The next morning, Leverett gave a blistering talk on Bush's Iran policy to the influential conservatives at the Cato Institute. The speech was carried live on C-SPAN. Later that day, he flew to New York and made the same arguments at a private dinner with the UN ambassadors of Russia and Britain. He was starting to have an impact.
By Tuesday, he still hadn't heard from the CIA review board.
They called on Wednesday and told him that there was nothing classified in the piece as far as the agency was concerned, but someone in the West Wing wasn't happy with it and would be redacting large sections.
"You're the clearing agency," Leverett said. "You're the people named in my agreement."
They said their hands were tied.
After consulting a lawyer, Leverett and Mann and a researcher worked through the night to assemble a list of public sources where the blacked-out material had already been published. They also took out one line that might have been based on a classified document.
But the White House wouldn't budge. It was a First Amendment showdown.
On Thursday, Leverett and Mann decided to publish the piece with large sections of type blacked out, 168 words in all. Since the piece had been rendered pretty much incomprehensible, they included a list of public sources. "To make sense of our op-ed article, readers will have to look up the citations themselves."
As they tell their story, Mann rushes off to pick up one of their sons from a play date and Leverett takes over, telling what happened over the following months:
Bush sent a second carrier group to the Persian Gulf.
U.S. troops started to arrest Iranians living in Baghdad, accusing them of working with insurgents.
Bush accused Iran of "providing material support" for attacks on U.S. forces, a formulation that suggested a legal justification for a preemptive attack.
Senator Jim Webb of Virginia pushed through an amendment requiring Bush to get congressional authorization for an attack.
Colin Powell broke his long silence with a pointed warning. "You can't negotiate when you tell the other side, 'Give us what a negotiation would produce before the negotiations start.' "
Even Henry Kissinger started giving interviews on the need to "exhaust every possibility to come to an understanding with Iran."
From inside the White House, Leverett was hearing a scary scenario: The Russians were scheduled to ship fuel rods to the Iranian nuclear reactor in Bushehr, which meant the reactor would become operational by this November, at which point it would be impossible to bomb -- the fallout alone would turn the city into an urban Chernobyl. The White House was seriously considering a preemptive attack when the Russians cooled things down by saying Iran hadn't paid its bills, so they would hold back the Bushehr fuel rods for a while.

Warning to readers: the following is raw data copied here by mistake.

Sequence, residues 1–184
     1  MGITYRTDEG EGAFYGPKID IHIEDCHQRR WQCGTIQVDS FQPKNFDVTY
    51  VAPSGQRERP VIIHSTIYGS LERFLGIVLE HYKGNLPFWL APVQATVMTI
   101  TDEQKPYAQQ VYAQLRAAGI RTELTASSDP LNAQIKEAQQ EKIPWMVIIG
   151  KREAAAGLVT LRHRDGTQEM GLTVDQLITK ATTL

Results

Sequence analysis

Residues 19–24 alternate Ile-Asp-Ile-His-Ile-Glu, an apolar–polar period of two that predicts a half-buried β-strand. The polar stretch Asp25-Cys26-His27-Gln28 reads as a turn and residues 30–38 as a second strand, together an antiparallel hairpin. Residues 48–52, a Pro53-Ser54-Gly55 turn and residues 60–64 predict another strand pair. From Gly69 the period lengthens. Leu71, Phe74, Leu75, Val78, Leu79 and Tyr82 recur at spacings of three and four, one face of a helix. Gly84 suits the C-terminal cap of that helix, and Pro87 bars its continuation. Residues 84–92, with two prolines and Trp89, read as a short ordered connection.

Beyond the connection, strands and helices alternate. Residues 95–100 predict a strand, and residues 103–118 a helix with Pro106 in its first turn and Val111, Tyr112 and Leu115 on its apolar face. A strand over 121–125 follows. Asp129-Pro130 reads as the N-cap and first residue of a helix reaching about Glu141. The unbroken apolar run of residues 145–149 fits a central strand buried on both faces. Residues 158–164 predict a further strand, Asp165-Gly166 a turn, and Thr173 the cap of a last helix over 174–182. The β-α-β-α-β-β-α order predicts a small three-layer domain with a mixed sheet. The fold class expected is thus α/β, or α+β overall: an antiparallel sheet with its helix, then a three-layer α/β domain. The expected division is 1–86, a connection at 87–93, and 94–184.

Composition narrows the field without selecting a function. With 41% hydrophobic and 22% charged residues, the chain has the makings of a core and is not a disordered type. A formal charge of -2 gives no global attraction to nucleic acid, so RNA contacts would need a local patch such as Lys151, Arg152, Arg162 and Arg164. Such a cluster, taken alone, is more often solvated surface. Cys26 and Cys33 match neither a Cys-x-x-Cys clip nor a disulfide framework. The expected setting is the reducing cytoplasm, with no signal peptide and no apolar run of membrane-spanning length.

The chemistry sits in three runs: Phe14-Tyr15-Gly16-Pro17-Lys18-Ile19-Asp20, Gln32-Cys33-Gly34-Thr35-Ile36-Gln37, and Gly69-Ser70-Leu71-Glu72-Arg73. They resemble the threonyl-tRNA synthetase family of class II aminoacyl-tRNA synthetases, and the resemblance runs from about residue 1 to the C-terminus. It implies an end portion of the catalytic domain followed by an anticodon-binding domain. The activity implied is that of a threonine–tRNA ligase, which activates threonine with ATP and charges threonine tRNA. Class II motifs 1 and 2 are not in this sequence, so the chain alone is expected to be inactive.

That put things into a summer lull. But by August, tensions were rising again. U.S. troops in Baghdad arrested an official delegation of Iranian energy experts, leading them out of a hotel in blindfolds and handcuffs. Then Iran said that it had paid its bills and that the Russians were ready to deliver the Bushehr shipment. In Time magazine, former CIA officer and author Robert Baer quoted a highly placed White House official:
"IEDs are a casus belli for this administration. There will be an attack on Iran."
Mann steps back out on the deck and starts collecting the scattered toys to prepare the house for a dinner party, the typical modern American mother multitasking her way through a busy day. "The reason I have to be so careful now is that I'm legally on notice and they will prosecute things that I say or do," she says, picking up a plastic truck.
"Because of that one article?"
Outside, it's getting warmer. There's a heavy haze and floating bugs and for a moment it feels a bit ominous, a gathering silence, one of those moments when giant pods start to sprout in local basements.
"We're tired," Mann says. "Nobody listens."
It seems inconceivable to her that once again a war could be coming, and once again no one is listening. Another pair of lawn mowers joins the chorus and the spell breaks. A cab pulls in the driveway. The caterer comes to prepare for the dinner guests.